The new season features stories on the Urban Meyer Era Florida Gators, Johnny Manziel, the BALCO scandal, and Jake Paul. It’s probably unintentional but there’s a theme here in that they’re all a bit about “bad boys”—people like Meyer or Paul whose aggression became part of their brand and their success. More than most seasons of “Untold,” it feels like a few punches are pulled this year with some natural follow-up questions ignored and some potential analysis saved for another documentarian. However, these are still all worth your time, whether you’re a sports fan or not. This is a series that tackles sports from a different angle, trying to illuminate the human beings at the center of these massive stories.
Andrew Renzi was an executive producer on “Pepsi, Where’s My Jet?” and “The Curse of Von Dutch: A Brand to Die For,” and so he knows a thing or two about branding, which is at the core of what has made Jake Paul a star. As much of a promoter as he is an athlete, Paul pivoted when his YouTube celebrity status fell apart to become a legitimate fighter. Stories of second chances are common in Hollywood, but Paul’s is more fascinating than most, and the access given to Renzi in “Jake Paul the Problem Child” makes it the best of the new season of “Untold.” It asks fascinating questions about the line between professional athlete and troublemaker, but the truth is that Paul gets people paying attention to a dying sport. There’s also an interesting dichotomy between a public persona that appears to take nothing seriously and an athlete who clearly has trained himself into fighting shape. The film flirts with some issues related to potential abuse by Paul’s father that I wish had been unpacked further as to how that has shaped the young man’s life, but it feels like maybe he’s not ready for that yet. Jake Paul has been a Disney star, a massive internet phenomenon, and now he’s changing the way people look at professional boxing. Mike Tyson himself actually sums him up well when he says, “He’s not a villain, he’s an anti-hero.” You don’t have to like him, but you can’t ignore him.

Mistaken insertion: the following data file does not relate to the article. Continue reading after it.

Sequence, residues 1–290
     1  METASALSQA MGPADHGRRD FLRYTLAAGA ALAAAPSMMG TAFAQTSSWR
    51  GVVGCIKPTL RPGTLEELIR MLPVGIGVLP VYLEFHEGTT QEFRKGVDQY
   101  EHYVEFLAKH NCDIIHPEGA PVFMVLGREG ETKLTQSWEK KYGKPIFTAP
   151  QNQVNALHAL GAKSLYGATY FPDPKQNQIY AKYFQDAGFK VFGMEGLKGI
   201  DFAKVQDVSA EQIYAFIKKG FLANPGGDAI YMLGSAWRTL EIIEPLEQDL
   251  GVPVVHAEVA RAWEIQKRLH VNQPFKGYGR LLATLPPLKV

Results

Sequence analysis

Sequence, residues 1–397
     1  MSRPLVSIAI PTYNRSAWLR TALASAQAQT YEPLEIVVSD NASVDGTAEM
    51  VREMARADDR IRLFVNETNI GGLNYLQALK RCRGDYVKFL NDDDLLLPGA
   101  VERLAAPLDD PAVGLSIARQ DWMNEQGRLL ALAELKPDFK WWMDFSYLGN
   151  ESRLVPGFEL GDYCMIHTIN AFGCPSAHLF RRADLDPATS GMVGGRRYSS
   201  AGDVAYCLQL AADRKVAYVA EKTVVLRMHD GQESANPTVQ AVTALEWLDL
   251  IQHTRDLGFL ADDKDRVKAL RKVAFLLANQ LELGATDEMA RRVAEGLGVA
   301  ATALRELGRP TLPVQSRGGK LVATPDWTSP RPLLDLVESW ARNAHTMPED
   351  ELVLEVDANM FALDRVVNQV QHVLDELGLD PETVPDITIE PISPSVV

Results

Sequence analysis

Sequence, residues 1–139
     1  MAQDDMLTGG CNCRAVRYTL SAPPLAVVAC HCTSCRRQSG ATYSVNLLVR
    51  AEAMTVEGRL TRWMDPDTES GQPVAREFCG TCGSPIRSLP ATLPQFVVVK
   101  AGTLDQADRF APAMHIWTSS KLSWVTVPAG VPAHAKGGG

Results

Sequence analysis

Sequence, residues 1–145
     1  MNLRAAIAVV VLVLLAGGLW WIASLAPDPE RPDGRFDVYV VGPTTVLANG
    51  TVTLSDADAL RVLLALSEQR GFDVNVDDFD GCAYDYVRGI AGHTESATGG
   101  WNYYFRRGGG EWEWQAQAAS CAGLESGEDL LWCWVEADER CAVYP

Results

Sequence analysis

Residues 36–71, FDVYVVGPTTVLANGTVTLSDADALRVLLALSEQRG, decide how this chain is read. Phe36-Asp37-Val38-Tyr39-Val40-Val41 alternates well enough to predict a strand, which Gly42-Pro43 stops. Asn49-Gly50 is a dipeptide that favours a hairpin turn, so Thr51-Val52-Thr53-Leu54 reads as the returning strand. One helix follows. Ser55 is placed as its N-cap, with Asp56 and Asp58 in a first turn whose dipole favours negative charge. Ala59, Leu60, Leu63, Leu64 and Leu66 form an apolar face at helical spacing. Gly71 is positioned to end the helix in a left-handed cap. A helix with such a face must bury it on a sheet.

The chapter of “Untold” that’s likely to get the most attention is “Swamp Kings,” which is the only one this season that’s not feature-film length, unfolding instead over four episodes of television. And what’s funny is it still feels like there’s way more story to tell here given the vibrant personalities and issues regarding Urban Meyer’s coaching style that it arguably doesn’t take seriously enough. Florida Gators superstars like Tim Tebow comment on how seriously Meyer takes his work between scenes of him yelling and swearing at players in locker rooms, players who are often seen in extreme physical duress during workouts, and it feels like maybe there’s a version of this that questions Meyer’s choices a bit more. Meyer is placed a bit too high on a pedestal, especially given his recent flameout in the NFL, but what makes “Swamp Kings” work is the participation by the actual players like Tebow, Brandon Spikes, Brandon Siler, Major Wright, and Ahmad Black. When Meyer speaks, I question how much of it is public image manipulation, but one can sense the truth in Tebow’s regret over not winning another championship or hear the joy in Spikes’ voice when he speaks about Florida highlights. College football fans will eat it up.